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In 2006, pediatrician Meghan MacLean Weir began a combined three-year residency at two separate hospitals.
She soon realized she was dealing with two very different institutions: at Children’s Hospital Boston, Weir found solace in the orderly routine of structured protocols, advanced technologies, cutting-edge research and patients from well-educated families. Across town at the Boston Medical Center, she saw poverty, symptoms that needed simple remedies and mothers overwhelmed by parenting. Weir saw first-hand how illness and disease occur in tandem with malnutrition, drugs and violence.
Instead of gaining confidence and professional momentum through her training, Weir found herself sleep-deprived, consumed by self-doubt and depression. She gained weight and lost touch with her family and friends. Nothing had prepared her for the hard-hitting truths that accompanied the intimacies of illness and disease. Eventually she asked her program directors for some time off, and got it.
For a year, Weir worked three months on and four weeks off, using the breaks to write stories about her patients and their families as a way to make sense of what she found inexplicable. The result is a medical memoir Between Expectations: Lessons from a Pediatric Residency, (Free Press, 2011).
In one of the book’s opening stories, “Feeders and Growers,” a baby arrives at Boston Medical Center after a near-death birth at home to a mother high on cocaine. Weir writes, “I am angry that I live in a country that cares so much for the rights of unborn children but gives so few resources for the stewardship of those children after they are delivered. I am angry about many things and wish I had the energy to see my way forward to someday making changes, even little ones, but at the end of the day, it is hard enough to stay awake.”
Determined to use her medical training to make a difference, Weir takes off — before her graduation — to the JFK Medical Center in Monrovia, Liberia.
But once again, her idealism bumps up against reality. The lack of treatment options in the Monrovian medical center collides with so much of what Weir had assumed she could accomplish. While never doubting her training, Weir quickly learns that in Liberia, it is elemental support that is also necessary: the hospital's eletricity constantly cuts-out, generators don't work, the inadequately trained staff are not versed in basic protocols and essential medical supplies and medicines are lacking. She cannot impose her medical standards upon this over-burdened and under-resourced hospital.In the book’s concluding story, “The Graduating Class of 2009,” Weir writes of her time in Monrovia. “At home, at least, I would have immediately sprinted down the hall, secure in the knowledge that there was work to be done. I would have run and burst through the door…there would have been in that room the possibility of action, of rescue, and I would have run lest I arrive too late. But there is nothing like this kind of promise waiting in the room in which Dr. Nuta had headed, where I would meet her just after, and where I take hold of one limp, not yet cold, perfect foot.”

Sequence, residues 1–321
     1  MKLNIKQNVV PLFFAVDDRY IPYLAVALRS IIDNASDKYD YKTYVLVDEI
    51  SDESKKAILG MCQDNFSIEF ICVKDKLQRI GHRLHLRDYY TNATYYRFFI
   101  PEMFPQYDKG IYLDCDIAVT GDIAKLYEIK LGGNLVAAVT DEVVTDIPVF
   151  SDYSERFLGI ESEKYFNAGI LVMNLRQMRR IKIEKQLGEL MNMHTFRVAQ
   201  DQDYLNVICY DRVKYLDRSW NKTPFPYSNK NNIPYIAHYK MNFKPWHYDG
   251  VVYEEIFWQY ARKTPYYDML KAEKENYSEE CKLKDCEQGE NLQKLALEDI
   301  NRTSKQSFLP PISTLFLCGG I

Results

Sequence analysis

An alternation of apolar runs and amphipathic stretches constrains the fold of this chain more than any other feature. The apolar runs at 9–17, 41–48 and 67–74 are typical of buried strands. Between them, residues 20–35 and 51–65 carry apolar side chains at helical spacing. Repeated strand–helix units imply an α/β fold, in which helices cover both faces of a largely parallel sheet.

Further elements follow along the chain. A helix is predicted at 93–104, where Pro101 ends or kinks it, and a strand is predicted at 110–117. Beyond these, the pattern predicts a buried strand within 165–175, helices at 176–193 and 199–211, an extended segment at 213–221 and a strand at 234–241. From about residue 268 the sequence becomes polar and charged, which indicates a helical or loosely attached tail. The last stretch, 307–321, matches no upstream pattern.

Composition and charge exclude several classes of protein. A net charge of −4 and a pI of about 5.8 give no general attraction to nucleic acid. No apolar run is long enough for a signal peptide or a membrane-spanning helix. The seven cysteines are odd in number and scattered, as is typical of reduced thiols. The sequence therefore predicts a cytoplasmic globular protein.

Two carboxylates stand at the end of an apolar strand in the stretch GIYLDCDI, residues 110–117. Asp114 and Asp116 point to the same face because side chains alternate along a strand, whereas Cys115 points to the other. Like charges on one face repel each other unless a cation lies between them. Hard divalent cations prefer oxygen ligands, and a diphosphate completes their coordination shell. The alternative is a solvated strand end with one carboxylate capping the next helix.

Recently, Weir sat down with WBUR’s Radio Boston host Meghna Chakrabarti to reflect on the past five years since graduating and writing her book. Now married and the mother of an 18-month old daughter, Weir works as a pediatrician in the emergency departments of Children’s Hospital Boston and Beverly Hospital.
The following are some excerpts from that interview:
MC: Take me back to those days when you were between two very different hospital environments.
MMW: The families of the children I saw [at the BMC] faced extraordinary difficulties. Not only in negotiating the health care system, but also in negotiating some of the public services and some of the school support systems they should have for their children. I realized then that medicine was not just about what happens while within the walls of the hospital…it has far more to do with how you empower these families to take care of their kids once they go home.
MC: In your book you wrote about particular tough cases. What effect did they have on you?
MMW: Initially I just found it overwhelming, frightening. The lack of resolution gave me a big sense of disquiet. I didn’t realize what a bit player I would be in hospitalizations like these. I was basically just looking through a peephole at one very tiny piece of this very long process to getting these babies home.
MC: The depression you experienced, was it the physical demands? The reality of trying to treat sick kids? Or the lack of support outside the hospital environment?
MMW: I was always someone who worked very hard through school for very discrete goals, and this was so much bigger than anything I had ever been faced with. It wasn’t just a matter of getting through the month and writing orders. There was this bigger thing on how do you become a doctor and how you gain competence. That was something I didn’t have the answer for. I still don’t necessarily have the answer for it.
MC: Where do you see yourself now?
MMW: I feel a little more in control. But ultimately, you never know what will come in through your door.
This program aired on June 6, 2011. The audio for this program is not available.
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